Today is Children’s Grief Awareness Day, launched seven years ago by grief-support professionals and volunteers. It’s observed on the Thursday before Thanksgiving Day because the holiday season can be an especially difficult time for grieving children and families.

As one dad told me, “That first Christmas without Amy was sadder than I could ever have imagined.”

Amy was his wife, the mother of two young daughters. When she collapsed and died suddenly, their elder daughter was 4 and their younger child just 2.

In the months after their mother’s death, one of the girls became very withdrawn, while the other started having angry, violent outbursts. Says their dad, “None of us ate well, and our sleep was interrupted nightly by bad dreams. Despite the help of wonderful friends and family members, we struggled to enjoy life.”

Children’s grief is real, and not uncommon.

Before turning 18, one in five children in this country will experience the death of someone close to them. One in 20 kids will have a parent die before he or she graduates from high school. Seven in 10 teachers have at least one student who has lost a parent, guardian, sibling or close friend in just the last year.


Grieving children feel alone and fearful as well as sad. They often feel set apart, different from their peers and not understood. Inner turmoil can be invisible, yet rage inside a grieving child’s heart.

Research shows that young people left alone with their grief are more likely than others to suffer anxiety and depression, have problems in school, abuse alcohol and drugs and die by suicide.

Many people don’t realize that it takes most children longer to deal with their grief than we expect. No child who loses a parent or sibling can “get over it” in a set time period — or ever.

Loss will make itself felt, again and again. It can be triggered by a birthday, a first driver’s license, a graduation, a wedding. News of another death can set off a painful reaction. And as they become older, a young person’s deeper understanding of loss and “forever” can reignite sadness.

Grieving is a lifelong process. Yet, with support and the chance to truly mourn, grieving children and adults can find their personal resilience. They can move forward in their newly rearranged lives and reclaim hope and joy.

The most helpful grief support is acknowledgment of feelings, the listening ears of family and other caring individuals and peer support from those also grieving a loss.


That’s what we offer at the Center for Grieving Children, in a safe and comfortable setting. Thanks to committed volunteers and financial support from the community, our services are free for children, teens and their families. Peer grief-support groups meet at our home in Portland and our service site in Sanford.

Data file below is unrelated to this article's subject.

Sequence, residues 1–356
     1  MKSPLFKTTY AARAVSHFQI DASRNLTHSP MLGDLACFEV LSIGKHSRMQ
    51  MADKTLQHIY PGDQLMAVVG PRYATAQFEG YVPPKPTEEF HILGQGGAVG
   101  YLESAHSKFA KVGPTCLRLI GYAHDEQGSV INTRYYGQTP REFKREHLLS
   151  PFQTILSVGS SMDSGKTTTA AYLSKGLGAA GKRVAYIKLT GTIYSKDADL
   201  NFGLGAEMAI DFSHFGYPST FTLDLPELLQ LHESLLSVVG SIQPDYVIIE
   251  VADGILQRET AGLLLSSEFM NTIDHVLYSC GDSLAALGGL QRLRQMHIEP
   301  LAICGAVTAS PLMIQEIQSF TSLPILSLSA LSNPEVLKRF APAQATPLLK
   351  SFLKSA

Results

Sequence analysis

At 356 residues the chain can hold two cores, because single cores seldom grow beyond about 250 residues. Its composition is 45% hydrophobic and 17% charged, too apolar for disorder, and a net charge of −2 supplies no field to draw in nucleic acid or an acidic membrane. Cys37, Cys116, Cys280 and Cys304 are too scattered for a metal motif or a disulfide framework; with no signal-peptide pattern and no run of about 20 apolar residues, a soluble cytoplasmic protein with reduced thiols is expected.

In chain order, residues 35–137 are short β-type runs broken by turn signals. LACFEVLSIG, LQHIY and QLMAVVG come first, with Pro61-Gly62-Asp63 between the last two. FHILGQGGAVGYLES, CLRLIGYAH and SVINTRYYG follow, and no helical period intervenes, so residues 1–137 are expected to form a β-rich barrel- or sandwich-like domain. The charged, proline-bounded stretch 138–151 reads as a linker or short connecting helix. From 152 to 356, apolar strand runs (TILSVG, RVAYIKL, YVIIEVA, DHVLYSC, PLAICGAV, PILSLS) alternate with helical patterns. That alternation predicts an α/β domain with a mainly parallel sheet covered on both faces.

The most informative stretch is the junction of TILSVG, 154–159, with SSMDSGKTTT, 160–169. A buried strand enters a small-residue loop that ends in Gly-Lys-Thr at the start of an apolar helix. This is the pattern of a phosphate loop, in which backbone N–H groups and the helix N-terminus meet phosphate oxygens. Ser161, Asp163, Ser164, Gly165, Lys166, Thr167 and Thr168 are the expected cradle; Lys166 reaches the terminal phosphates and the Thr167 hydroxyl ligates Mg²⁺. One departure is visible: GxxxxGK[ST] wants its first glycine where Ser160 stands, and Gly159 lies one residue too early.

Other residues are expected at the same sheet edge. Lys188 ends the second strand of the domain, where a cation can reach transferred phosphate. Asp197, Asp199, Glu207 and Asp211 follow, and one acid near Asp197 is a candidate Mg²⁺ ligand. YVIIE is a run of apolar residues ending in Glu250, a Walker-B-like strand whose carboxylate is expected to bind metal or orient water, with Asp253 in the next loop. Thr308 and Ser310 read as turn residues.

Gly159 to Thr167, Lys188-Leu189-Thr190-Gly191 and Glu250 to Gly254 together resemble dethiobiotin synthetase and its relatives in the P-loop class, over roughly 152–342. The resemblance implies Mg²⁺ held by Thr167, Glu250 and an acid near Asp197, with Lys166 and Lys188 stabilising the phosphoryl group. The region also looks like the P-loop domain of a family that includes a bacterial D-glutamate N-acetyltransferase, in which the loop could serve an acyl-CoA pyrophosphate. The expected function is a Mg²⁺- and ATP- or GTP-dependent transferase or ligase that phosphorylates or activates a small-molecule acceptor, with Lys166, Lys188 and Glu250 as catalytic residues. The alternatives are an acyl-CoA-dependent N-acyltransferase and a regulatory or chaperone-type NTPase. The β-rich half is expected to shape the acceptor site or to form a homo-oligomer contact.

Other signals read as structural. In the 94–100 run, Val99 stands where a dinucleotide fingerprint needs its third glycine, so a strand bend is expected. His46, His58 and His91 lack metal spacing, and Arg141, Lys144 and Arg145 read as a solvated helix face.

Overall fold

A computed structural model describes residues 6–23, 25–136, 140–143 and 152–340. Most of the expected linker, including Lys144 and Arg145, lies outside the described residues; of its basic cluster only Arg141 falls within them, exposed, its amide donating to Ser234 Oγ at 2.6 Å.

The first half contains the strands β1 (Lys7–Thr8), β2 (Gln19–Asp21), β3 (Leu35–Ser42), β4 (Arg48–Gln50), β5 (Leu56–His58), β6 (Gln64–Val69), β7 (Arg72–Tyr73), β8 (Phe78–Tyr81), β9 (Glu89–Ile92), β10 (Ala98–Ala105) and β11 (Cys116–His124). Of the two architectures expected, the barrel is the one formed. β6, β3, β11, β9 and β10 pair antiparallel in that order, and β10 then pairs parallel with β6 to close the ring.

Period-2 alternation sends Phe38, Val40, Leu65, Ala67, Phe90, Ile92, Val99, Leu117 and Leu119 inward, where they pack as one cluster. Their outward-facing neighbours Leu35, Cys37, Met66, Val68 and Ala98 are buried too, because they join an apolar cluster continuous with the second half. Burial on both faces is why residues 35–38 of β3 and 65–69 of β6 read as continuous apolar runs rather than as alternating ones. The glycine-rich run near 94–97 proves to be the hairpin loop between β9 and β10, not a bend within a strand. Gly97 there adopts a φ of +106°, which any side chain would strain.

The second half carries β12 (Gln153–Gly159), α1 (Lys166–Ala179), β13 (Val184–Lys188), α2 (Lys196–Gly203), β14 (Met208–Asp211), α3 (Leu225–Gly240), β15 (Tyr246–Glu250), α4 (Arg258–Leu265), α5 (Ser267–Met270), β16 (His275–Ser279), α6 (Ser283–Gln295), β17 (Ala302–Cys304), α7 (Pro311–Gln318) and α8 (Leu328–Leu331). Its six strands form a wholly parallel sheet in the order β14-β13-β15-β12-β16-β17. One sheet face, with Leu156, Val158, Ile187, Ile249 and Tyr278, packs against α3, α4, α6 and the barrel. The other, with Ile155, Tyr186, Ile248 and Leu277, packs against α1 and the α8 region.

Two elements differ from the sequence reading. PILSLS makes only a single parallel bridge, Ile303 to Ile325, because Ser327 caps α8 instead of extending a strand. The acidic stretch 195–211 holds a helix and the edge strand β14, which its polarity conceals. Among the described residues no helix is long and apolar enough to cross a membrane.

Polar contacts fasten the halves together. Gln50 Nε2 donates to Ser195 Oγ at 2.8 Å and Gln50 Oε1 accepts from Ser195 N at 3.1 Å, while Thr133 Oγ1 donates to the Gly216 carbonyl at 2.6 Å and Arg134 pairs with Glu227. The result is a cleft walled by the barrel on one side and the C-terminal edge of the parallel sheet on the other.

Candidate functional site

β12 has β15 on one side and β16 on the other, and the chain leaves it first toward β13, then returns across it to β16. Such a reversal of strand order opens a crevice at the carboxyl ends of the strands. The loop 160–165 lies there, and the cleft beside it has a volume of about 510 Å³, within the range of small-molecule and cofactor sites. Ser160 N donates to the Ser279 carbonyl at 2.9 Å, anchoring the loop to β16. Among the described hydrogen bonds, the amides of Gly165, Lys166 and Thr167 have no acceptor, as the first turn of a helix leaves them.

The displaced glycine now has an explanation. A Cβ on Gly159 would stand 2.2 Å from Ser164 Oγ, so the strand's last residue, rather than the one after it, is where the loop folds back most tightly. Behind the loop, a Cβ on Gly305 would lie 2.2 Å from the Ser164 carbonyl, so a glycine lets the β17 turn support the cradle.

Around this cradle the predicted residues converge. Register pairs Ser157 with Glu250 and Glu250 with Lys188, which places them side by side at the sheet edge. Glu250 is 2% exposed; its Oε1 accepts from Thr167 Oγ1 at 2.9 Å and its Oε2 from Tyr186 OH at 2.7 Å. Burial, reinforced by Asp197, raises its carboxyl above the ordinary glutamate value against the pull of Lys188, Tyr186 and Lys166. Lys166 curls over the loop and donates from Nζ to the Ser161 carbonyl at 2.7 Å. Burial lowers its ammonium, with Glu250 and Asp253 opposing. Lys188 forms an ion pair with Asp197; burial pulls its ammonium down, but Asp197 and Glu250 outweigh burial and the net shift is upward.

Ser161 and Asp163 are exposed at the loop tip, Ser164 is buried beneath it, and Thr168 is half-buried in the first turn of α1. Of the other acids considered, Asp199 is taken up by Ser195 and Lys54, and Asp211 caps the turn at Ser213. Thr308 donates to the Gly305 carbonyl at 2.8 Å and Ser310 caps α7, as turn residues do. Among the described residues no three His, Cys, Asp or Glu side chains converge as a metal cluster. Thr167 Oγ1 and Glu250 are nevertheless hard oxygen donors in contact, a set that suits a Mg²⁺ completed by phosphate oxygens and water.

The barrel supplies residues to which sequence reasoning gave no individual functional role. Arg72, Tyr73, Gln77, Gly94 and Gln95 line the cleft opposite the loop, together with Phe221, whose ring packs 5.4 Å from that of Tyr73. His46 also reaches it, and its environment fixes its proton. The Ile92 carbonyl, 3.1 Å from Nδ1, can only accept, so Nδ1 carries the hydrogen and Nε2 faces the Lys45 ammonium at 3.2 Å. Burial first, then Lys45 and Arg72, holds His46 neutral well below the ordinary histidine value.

“There is a lovely magic at work in the center,” says the dad I mentioned. “I would walk in with the girls once a week, beaten down by my grief and the strain of single parenting, and somehow walk out a little bit lighter, a little bit more hopeful. My girls would emerge from their peer support group of other children somehow a little happier, a little more confident.

“Perhaps the magic lies in the extraordinary compassion and kindness of the staff and volunteers, or the balm of talking with another grieving adult, a peer who truly understands the quality and extent of your loss. Maybe it’s the power of crying your eyes out in a truly safe place. Who can say?”

On Children’s Grief Awareness Day, I hope you will take a moment to consider tips for how you, too, can support a grieving child:

• Speak honestly and simply about death and grief.

• Be aware of your own feelings, and express them safely.


• Be patient with the child’s questions.

• Respect the child’s way of expressing grief.

• Provide time and a comfortable place to listen.

• Encourage the child to share feelings and memories.

• Maintain familiar routines, schedules and relationships, but also offer the child choices whenever possible.

• Help the child identify people, objects and activities that provide comfort.

During the upcoming holidays and throughout the new year, the Center for Grieving Children can help you or anyone you know who may need our services: 775-5216 and Please help grieving children and their families not feel alone.


Anne Lynch is executive director of the Center for Grieving Children in Portland.

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